Various forms of computer readable media may be involved in carrying one or more sequences of one or more instructions to processor 404 for execution. For example, the instructions may initially be borne on a magnetic disk of a remote computer. The remote computer can load the instructions into its dynanic memory and send the instructions over a telephone line using a modem. A modem local to computer system 400 can receive the data on the telephone line and use an infrared transmitter to convert the data to an infrared signal. An infrared detector coupled to bus 402 can receive the data carried in the infrared signal and place the data on bus 402. Bus 402 carries the data to main memory 406, from which processor 404 retrieves and executes the instructions. The instructions received by main memory 406 may optionally be stored on storage device 410 either before or after execution by processor 404.
Computer system 400 also includes a communication interface 418 coupled to bus 402. Communication interface 418 provides a two-way data communication coupling to a network link 420 that is connected to a local network 422. For example, communication interface 418 may be an integrated services digital network (ISDN) card or a modem to provide a data communication connection to a corresponding type of telephone line. As another example, communication interface 418 may be a local area network (LAN) card to provide a data communication connection to a compatible LAN. Wireless links may also be implemented. In any such implementation, communication interface 418 sends and receives electrical, electromagnetic or optical signals that carry digital data streams representing various types of information.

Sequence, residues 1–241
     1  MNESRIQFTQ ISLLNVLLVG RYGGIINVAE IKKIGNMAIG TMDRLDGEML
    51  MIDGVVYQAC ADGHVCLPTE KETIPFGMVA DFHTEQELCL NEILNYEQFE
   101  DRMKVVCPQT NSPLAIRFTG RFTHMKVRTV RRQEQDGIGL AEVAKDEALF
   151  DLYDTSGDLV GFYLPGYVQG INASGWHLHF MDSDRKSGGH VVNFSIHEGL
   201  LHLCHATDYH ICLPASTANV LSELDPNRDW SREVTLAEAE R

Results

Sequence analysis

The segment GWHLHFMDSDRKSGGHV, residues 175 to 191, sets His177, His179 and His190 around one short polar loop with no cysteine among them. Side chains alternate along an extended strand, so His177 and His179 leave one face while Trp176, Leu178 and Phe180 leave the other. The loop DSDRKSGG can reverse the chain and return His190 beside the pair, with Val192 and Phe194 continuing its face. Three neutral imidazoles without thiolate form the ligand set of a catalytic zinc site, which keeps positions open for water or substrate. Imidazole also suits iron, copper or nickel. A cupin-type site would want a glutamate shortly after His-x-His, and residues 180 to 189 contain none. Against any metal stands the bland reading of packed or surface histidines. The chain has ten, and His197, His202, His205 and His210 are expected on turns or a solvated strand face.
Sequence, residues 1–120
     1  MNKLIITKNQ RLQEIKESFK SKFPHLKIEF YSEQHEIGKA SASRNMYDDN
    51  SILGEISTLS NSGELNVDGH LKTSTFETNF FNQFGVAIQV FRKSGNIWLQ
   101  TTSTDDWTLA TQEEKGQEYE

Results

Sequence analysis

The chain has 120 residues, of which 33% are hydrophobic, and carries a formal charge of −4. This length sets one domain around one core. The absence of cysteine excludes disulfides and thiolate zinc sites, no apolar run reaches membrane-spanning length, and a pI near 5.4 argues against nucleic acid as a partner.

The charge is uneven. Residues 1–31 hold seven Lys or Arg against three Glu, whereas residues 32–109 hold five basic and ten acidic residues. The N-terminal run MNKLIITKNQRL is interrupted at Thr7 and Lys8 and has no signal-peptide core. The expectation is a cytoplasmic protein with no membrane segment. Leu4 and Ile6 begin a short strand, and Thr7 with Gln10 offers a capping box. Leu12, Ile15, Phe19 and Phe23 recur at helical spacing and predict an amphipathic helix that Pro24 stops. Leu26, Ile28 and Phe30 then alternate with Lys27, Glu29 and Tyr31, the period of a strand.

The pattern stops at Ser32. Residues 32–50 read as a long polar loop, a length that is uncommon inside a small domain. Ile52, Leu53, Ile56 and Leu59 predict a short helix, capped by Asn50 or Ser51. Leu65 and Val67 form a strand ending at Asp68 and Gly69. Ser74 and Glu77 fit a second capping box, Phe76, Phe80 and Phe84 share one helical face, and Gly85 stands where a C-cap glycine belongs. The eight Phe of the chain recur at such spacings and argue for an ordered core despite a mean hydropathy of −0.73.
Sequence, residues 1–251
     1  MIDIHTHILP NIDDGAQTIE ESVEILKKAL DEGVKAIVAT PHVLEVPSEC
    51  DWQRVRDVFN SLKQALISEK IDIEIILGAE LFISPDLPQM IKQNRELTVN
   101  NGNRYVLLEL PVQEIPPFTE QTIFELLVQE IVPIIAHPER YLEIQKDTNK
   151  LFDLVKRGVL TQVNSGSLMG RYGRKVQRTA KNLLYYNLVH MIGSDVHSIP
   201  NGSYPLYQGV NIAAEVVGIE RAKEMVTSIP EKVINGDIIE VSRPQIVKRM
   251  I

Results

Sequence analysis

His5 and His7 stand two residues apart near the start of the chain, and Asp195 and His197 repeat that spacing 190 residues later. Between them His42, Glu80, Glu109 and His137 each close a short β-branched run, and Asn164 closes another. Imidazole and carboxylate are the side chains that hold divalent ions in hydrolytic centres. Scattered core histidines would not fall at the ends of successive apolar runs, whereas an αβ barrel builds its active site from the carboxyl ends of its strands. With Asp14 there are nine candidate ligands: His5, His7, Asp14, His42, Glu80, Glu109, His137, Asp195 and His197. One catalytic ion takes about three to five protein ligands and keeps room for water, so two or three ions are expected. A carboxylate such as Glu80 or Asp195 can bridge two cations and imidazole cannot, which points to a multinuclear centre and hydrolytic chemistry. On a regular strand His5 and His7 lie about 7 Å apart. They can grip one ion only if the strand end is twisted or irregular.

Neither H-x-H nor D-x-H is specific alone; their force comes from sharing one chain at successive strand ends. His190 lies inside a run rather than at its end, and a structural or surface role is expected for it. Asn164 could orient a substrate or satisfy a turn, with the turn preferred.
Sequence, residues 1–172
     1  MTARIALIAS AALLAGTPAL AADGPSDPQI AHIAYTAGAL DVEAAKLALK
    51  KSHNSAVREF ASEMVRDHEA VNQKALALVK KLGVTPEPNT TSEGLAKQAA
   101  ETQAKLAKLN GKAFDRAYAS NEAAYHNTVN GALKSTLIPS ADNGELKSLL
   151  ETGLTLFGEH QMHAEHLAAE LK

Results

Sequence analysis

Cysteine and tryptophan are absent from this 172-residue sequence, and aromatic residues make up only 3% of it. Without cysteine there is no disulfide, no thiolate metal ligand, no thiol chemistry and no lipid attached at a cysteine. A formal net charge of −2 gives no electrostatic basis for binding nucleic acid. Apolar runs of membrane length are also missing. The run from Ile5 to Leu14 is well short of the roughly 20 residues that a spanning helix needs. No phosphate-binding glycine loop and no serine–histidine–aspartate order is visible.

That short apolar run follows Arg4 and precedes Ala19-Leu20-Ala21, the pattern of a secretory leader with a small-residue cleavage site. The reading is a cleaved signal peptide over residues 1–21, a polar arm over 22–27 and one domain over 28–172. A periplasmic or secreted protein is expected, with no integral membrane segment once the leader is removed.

Network link 420 typically provides data communication through one or more networks to other data devices. For example, network link 420 may provide a connection through local network 422 to a host computer 424 or to data equipment operated by an Internet Service Provider (ISP) 426. ISP 426 in turn provides data communication services through the worldwide packet data communication network, now commonly referred to as the “Internet” 428. Local network 422 and Internet 428 both use electrical, electromagnetic or optical signals that carry digital data streams. The signals through the various networks and the signals on network link 420 and through communication interface 418, which carry the digital data to and from computer system 400, are exemplary forms of carrier waves transporting the information.
Computer system 400 can send messages and receive data, including program code, through the network(s), network link 420, and communication interface 418. In the Internet example, a server 430 might transmit a requested code for an application program through Internet 428, ISP 426, local network 422 and communication interface 418. In accordance with the invention, one such downloaded application provides for native compilation of virtual machine code as described herein. The core may be executed by processor 404 as it is received, and/or stored in storage device 410, or other non-volatile storage for later execution. In this manner, computer system 400 may obtain application code in the form of a carrier wave.
While this invention has been described in connection with what is presently considered to be the most practical and preferred embodiment, it is to be understood that the invention is not limited to the disclosed embodiment, but on the contrary, is intended to cover various modifications and equivalent arrangements included within the spirit and scope of the appended claims.
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|Sep 26, 2001||AS||Assignment|